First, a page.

El Paso: At a Glance
El Paso Water Utilities (El Paso Water) conservation scorecard performance has dropped slightly from 76 points in the 2016 scorecard to 70 in the 2020 scorecard. Although El Paso Water continues to implement a wide range of water conservation best management practices, the utility has not taken an aggressive stance on limiting outdoor water use through outdoor watering restrictions as some other major Texas cities. Water loss in the utility’s distribution system has also increased over the years. El Paso Water continues to represent in many ways a good model for water conservation by a large retail water utility, but there are opportunities for improvement.
El Paso Water Utilities (El Paso Water) serves the City of El Paso, the sixth largest city in Texas with a population around 759,000. According to its most recent Water Conservation Plan, El Paso Water also provides water to an additional 75,000 residents through eight wholesale contracts. El Paso is located in the far northern part of the Chihuahuan Desert and receives on average only eight inches of rain each year. El Paso is in the Region E water planning area.
El Paso Water uses both groundwater and surface water, specifically from the Rio Grande (40%) and two aquifers, the Hueco (40%) and Mesilla Bolsons (20%). In 2018, El Paso Water delivered over 107,748 acre-feet of treated water and approximately 61,378 acre-feet of treated wastewater. El Paso Water for over 25 years has been injecting treated wastewater back into the Hueco Bolson to augment that water source, and El Paso Water has a joint brackish groundwater desalination project with Fort Bliss that is currently the largest such facility in the country.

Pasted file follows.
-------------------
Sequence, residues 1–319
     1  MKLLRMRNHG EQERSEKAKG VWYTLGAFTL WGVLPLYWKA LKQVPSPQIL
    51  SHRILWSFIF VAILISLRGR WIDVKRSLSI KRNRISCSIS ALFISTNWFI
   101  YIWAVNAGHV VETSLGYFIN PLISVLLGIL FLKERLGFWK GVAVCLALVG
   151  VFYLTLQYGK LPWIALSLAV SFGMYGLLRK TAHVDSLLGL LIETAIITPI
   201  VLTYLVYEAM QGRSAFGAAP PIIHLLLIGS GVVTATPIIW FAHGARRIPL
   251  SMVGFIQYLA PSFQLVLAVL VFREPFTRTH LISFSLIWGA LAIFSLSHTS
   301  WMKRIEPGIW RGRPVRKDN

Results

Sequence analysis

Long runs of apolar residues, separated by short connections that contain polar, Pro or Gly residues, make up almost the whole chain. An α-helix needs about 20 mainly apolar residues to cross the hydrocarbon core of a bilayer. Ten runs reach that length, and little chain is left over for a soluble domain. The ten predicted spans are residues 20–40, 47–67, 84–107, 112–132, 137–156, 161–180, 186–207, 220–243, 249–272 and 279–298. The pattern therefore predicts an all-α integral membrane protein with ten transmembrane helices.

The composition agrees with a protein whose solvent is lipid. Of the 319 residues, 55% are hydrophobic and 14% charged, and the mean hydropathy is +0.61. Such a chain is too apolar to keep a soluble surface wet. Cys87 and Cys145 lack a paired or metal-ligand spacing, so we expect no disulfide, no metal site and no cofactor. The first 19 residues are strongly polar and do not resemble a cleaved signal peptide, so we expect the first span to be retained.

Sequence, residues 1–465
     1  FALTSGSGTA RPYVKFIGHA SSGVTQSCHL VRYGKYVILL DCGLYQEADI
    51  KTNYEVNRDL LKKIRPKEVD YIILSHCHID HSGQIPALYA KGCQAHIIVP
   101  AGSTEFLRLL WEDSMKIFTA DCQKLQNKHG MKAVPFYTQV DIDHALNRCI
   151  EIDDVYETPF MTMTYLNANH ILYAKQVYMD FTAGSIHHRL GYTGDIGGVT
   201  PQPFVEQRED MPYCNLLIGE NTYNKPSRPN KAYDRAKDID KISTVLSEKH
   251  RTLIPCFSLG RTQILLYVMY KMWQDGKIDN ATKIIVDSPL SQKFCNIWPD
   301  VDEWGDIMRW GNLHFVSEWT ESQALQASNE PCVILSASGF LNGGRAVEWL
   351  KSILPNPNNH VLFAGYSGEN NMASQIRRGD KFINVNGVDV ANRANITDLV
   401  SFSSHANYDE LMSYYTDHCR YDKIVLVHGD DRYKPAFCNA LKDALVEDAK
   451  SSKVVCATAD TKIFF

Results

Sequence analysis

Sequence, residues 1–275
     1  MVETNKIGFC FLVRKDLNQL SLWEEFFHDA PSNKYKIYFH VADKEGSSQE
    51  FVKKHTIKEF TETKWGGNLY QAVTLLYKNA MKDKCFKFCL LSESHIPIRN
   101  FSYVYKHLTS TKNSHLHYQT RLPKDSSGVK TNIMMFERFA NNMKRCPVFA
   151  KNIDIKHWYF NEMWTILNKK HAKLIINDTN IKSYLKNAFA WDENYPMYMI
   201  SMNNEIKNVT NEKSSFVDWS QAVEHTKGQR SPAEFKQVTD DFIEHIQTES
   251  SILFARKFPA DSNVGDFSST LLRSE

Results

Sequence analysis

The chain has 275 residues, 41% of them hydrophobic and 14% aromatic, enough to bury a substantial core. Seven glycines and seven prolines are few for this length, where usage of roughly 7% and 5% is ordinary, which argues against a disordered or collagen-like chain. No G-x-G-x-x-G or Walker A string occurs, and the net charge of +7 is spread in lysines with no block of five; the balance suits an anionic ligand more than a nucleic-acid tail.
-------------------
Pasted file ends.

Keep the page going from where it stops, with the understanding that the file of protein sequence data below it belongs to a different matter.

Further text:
El Paso has had an active water conservation program since the early 1990s which has and continues to garner results. Though its total score here has not changed significantly, there has been progress that should be noted. Since the 2016 scorecard, El Paso Water has implemented an additional six Best Management Practices, increasing its total from 10 to 16 BMPs, a relatively high number compared to other water utilities in Texas. Additionally, El Paso Water has achieved a relatively low GPCD consistently of below 140 GPCD, and now aims for 126.5 by 2024, and 125 GPCD by 2029.
El Paso Water did regress slightly since the 2016 scorecard with regard to water loss and its water rate structure. Its water loss percentage rose from 9.73% to 13.05% and its water rate structure no longer sends a strong conservation pricing signal. El Paso Water would benefit from addressing these water loss and water rate structure concerns, and could further reinforce its efforts through stronger outdoor watering restrictions (such as no-more-than-twice- or no-more-than-once-a-week outdoor watering limitations).